Long-haul travel has a lot of detrimental effects, from sleep deprivation to junk diet, sitting too long in one place and accommodating cultural shifts. I know that my feet swell and my dreams intensify with every air mile. My blood pressure and heart rate had crept up when the dentist too a quick measure, perhaps from the half-stone that I’ve put on beyond my target weight.
Returning, there’s always the resolution to ‘get back on the wagon’.
Easier promised than done. Returning to Rossmore, it’s genuinely hard to confront the exercise bike again. I know that I’ve got ground to reclaim, intensity and duration; I know I need to just get on with it. But after a long day’s work, the saddle just isn’t appealing. I needed something different.
I used to go four times a week with friends: we were renowned for choreographed spins and precision finesse.
This would be easy.
Today in the UK, group floor exercise is Body-something. BodyBalance, BodyAttack, BodyCombat… I thumbed the undifferentiated list and reserved a spot in a neutral alternative: BodyPump. Arriving, I introduced myself to the instructor: ‘coming off of PT but I used to do the routines. I made some step-motions.
“A bit old-school,” she sniffed.'
Only 20 years ago: We’ll see.
It’s not a bad class: the step is only used for sit-ups, not for actual aerobics. But it’s otherwise a full hour of weights and extensions, not too taxing and a good complement to the bike’s cardio fitness.
But I needed more.
HIIT training (30 minutes). I’ve been doing High Intensity Intervals on the bike (10 reps, 30 sec on, 60 sec off) during the past six months when I feel conditioned. Doing it free-standing would be like cross training, right?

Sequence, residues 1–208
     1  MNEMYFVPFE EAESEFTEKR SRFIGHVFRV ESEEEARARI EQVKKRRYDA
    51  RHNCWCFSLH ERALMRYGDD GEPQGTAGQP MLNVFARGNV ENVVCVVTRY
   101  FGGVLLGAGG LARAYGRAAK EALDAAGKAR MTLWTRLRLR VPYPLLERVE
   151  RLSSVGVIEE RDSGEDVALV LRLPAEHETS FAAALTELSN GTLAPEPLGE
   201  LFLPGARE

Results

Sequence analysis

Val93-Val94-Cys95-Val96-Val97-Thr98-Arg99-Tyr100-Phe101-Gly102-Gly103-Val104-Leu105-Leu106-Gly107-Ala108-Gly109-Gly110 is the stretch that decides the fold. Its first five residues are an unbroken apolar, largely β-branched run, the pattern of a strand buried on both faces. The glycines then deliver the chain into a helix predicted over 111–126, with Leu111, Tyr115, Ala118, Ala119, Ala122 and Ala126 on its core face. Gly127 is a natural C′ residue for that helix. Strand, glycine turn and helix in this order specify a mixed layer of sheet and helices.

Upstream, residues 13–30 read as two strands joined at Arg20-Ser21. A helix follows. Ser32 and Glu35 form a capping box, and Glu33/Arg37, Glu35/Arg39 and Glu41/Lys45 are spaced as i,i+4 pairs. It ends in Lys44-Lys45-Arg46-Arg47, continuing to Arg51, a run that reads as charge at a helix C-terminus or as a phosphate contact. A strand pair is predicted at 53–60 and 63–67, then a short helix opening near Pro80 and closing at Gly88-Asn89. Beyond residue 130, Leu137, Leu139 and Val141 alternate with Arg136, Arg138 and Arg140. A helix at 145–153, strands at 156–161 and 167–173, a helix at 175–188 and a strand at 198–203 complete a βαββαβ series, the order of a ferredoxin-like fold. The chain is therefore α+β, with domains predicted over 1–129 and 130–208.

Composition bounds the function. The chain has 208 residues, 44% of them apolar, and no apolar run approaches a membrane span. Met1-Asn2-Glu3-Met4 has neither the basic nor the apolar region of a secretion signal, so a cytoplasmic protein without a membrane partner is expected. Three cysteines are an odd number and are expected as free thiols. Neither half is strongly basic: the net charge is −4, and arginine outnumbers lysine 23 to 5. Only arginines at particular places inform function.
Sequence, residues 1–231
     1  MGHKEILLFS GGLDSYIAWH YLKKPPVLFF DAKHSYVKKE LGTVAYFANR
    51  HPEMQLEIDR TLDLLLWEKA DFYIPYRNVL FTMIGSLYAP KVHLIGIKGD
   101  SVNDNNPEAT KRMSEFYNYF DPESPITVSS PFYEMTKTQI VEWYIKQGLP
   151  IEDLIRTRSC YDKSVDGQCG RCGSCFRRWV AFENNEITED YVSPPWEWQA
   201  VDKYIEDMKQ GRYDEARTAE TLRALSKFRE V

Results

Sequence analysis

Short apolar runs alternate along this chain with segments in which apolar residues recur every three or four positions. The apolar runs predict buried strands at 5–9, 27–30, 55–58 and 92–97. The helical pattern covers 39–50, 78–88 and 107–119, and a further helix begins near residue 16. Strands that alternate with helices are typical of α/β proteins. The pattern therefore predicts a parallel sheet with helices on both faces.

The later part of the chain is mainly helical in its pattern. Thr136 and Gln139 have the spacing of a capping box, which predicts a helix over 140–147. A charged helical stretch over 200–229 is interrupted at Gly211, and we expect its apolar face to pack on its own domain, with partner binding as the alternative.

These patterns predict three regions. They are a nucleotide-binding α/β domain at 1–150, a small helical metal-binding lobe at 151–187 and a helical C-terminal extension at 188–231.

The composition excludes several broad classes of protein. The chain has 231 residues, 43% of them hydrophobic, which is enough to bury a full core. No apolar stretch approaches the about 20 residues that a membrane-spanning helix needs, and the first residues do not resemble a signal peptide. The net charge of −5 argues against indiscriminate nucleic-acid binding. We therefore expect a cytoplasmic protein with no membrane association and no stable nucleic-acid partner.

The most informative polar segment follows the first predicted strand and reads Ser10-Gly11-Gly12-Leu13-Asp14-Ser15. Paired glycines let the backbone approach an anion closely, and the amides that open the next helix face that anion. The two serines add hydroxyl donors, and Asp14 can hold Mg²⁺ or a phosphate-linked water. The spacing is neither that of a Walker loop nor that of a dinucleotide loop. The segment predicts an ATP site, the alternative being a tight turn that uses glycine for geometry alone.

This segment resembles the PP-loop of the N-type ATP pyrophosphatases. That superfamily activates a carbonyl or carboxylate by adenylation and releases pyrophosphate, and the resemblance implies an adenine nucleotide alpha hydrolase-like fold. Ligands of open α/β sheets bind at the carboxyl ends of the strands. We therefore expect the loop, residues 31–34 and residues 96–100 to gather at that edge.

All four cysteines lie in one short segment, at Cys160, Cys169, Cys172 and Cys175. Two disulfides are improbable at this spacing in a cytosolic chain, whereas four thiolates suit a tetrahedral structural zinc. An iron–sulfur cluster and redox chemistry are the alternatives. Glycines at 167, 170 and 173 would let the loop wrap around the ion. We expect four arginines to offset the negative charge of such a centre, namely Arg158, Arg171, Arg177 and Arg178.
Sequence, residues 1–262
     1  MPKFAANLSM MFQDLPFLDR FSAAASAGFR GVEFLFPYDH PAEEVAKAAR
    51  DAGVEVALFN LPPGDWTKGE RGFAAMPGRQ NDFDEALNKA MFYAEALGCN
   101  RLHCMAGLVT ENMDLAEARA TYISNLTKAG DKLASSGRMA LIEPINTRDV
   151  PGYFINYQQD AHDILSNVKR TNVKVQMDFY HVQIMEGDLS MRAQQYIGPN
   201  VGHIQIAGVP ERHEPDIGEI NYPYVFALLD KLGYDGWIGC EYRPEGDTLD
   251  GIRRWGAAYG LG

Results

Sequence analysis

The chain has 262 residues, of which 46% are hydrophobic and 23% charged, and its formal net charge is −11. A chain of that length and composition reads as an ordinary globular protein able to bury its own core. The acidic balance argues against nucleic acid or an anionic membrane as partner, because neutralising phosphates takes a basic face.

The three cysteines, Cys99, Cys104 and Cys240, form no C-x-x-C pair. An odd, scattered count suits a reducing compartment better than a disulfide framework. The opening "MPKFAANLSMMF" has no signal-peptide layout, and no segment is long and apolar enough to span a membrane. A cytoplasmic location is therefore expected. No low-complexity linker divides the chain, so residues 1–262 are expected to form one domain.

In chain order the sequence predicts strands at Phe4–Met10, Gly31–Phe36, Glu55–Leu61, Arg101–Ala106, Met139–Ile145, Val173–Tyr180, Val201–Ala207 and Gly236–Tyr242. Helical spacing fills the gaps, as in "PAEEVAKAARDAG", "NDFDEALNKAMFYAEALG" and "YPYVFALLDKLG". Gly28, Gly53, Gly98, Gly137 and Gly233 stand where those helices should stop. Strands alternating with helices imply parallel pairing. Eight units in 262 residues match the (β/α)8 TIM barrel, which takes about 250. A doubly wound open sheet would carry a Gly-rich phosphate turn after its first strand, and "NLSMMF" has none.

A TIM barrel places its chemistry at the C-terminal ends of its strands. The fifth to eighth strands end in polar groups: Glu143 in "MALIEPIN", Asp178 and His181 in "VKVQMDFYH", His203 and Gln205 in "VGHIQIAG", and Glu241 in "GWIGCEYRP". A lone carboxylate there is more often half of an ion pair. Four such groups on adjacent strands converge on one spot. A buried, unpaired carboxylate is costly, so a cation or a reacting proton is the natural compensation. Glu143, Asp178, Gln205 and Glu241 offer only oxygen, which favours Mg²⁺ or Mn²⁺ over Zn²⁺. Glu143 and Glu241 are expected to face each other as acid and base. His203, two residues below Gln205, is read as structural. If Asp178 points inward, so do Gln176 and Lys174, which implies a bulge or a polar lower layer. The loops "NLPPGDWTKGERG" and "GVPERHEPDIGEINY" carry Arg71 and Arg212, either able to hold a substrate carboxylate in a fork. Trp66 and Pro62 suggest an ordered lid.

This was likely the most high intensity intervals I’ve ever tried. Jumps, squats, sit-ups, rolls, presses. ‘Out of breath ten minutes in, I started doing the push-ups on my knees and finessing the lunges. The pace was double what I was used to, and I don’t have (yet) the lateral ankle strength to easily tumble up and down quickly.
‘good adaptations, the instructor yelled, flashing a thumb’s up.
I could only hope.
I liberally ached in places that I hadn’t in years for two full days afterwards. Nonetheless, I told myself: This is a step along the road to ‘better.
‘three days a week, minimum, for the next month, then report back to these pages.
I also read a good NYT article about the progressive effects of alcohol. The two things that I took away were 1) How easy it is for two to become three, and 2) the need to give the body a periodic rest.
It’s the 5:2 regime again, and it made sense to couple diet and vice.
I was surprisingly (gratifyingly) easy to go cold turkey for a week, and to keep conscious moderation (one glass wine vs. two) thereafter. My counselor suggests that it may have the added benefit of quieting the intensity of dreaming: I’m keeping a log for comparison.